Defining Your Edge As A Discretionary Trader

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There are essentially two styles of trading that can be deployed in the market. The first is what is referred to as a discretionary based trading style, and the second is what is known as a system based trading style. In this lesson, we will focus on the former, the discretionary trading style, with the intention of helping you to evaluate for yourself, whether it aligns with your personal psychology.

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What Is A Discretionary Trading Style?

A discretionary trading methodology is characterized by a decision making process in the market that is based on discretion or judgment by the individual trader or investor. It is in direct contrast to systems trading, wherein all trading activities are governed by a set of rules that have been predefined and programmed within an algorithmic trading model.

As such, a discretionary trader has much more leeway and flexibility in their trading business. Having said that, many discretionary traders have a detailed trading plan that outlines various conditions for entering into, managing, and exiting a trade. But even with these outlined conditions, the discretionary trader is free to make overriding decisions on any trading related matters, and will have the final say in that decision.

There are pros and cons to both styles of trading, and the question is not necessarily which is the better style. Instead, the more important question is which style of trading is better suited for you based on your personality.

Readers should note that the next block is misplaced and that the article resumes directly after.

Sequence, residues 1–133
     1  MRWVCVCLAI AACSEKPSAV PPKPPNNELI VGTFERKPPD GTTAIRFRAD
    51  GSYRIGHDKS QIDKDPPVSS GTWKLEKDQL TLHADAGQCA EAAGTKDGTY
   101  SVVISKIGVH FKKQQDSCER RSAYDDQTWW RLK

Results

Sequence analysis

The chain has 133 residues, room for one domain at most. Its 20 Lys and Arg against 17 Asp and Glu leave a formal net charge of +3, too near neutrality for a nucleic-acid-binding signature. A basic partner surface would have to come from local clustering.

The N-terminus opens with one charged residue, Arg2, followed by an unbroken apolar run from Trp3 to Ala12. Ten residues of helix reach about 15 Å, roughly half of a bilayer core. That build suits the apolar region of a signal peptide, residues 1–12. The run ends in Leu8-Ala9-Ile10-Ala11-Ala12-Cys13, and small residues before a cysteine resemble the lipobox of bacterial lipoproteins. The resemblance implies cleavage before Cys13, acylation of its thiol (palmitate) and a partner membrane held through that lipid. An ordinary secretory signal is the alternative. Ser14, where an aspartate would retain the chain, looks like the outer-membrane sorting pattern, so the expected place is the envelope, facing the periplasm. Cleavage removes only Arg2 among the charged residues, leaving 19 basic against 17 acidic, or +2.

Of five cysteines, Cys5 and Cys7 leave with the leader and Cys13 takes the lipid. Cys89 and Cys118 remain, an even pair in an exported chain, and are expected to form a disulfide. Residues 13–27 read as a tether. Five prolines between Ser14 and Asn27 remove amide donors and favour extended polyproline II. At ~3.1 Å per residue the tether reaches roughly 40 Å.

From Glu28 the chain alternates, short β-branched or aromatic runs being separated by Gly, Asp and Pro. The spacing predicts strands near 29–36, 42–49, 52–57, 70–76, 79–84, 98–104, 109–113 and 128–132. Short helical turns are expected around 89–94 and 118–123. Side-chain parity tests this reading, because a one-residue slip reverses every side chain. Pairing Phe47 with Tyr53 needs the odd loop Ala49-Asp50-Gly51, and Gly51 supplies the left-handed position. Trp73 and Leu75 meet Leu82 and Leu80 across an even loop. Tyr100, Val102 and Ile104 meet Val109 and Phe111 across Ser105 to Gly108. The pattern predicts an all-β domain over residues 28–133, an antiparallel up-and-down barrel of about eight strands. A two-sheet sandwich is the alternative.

That is to say that some traders are much more comfortable when they are in control of the decision-making process from beginning to end. Other traders prefer to have a more automated process and allow a trading system to execute all orders in the market based on their predefined rules that has been coded into their algorithm.

Discretionary traders typically rely on trading techniques and strategies that generally have room for interpretation such as chart pattern analysis, support and resistance, Elliott wave, Fibonacci analysis, cyclical analysis and more.

System traders require more empirical or mathematical based data which can be programmed into an algorithm. As such, system traders will generally utilize technical indicators such as Stochastics, Williams %R, Average True Range, and more. Additionally they may use price smoothing indicators such as moving averages and price bands such as Keltner channels, or Bollinger Bands.

Discretionary trading has its pros and cons. Some of the advantages of using a discretionary trading style includes the ability for traders to quickly adapt to changing market conditions, and remain in complete control of how they react to such changing conditions.

This can be a great advantage for the experienced discretionary trader, who has the ability to sense if something is awry in the market and take that information and quickly adjust their positions or portfolio. The less experienced discretionary trader may however lack this sense of intuition in the market and may even be adversely affected by changing market conditions because they are unable or unwilling to react accordingly.

Tools For The Discretionary Swing Trader